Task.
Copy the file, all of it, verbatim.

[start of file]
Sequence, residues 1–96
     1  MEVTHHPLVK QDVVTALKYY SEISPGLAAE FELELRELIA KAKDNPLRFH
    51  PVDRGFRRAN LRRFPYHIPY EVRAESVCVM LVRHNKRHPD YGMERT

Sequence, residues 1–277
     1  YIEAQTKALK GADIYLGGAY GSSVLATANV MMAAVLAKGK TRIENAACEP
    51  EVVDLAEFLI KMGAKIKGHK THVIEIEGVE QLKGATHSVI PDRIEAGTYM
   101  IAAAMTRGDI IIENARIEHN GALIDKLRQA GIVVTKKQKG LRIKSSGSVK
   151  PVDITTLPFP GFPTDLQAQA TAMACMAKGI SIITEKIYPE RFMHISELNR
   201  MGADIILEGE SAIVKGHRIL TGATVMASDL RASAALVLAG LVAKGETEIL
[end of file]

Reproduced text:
Sequence, residues 1–96
     1  MEVTHHPLVK QDVVTALKYY SEISPGLAAE FELELRELIA KAKDNPLRFH
    51  PVDRGFRRAN LRRFPYHIPY EVRAESVCVM LVRHNKRHPD YGMERT

Sequence, residues 1–277
     1  YIEAQTKALK GADIYLGGAY GSSVLATANV MMAAVLAKGK TRIENAACEP
    51  EVVDLAEFLI KMGAKIKGHK THVIEIEGVE QLKGATHSVI PDRIEAGTYM
   101  IAAAMTRGDI IIENARIEHN GALIDKLRQA GIVVTKKQKG LRIKSSGSVK
   151  PVDITTLPFP GFPTDLQAQA TAMACMAKGI SIITEKIYPE RFMHISELNR
   201  MGADIILEGE SAIVKGHRIL TGATVMASDL RASAALVLAG LVAKGETEIL